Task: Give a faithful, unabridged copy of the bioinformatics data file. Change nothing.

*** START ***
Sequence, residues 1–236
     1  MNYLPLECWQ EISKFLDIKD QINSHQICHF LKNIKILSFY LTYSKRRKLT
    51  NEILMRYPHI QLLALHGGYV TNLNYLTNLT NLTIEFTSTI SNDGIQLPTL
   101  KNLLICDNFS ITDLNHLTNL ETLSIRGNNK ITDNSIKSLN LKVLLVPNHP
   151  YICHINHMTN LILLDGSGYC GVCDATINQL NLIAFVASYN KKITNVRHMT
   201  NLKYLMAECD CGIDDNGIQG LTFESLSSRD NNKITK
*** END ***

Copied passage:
Sequence, residues 1–236
     1  MNYLPLECWQ EISKFLDIKD QINSHQICHF LKNIKILSFY LTYSKRRKLT
    51  NEILMRYPHI QLLALHGGYV TNLNYLTNLT NLTIEFTSTI SNDGIQLPTL
   101  KNLLICDNFS ITDLNHLTNL ETLSIRGNNK ITDNSIKSLN LKVLLVPNHP
   151  YICHINHMTN LILLDGSGYC GVCDATINQL NLIAFVASYN KKITNVRHMT
   201  NLKYLMAECD CGIDDNGIQG LTFESLSSRD NNKITK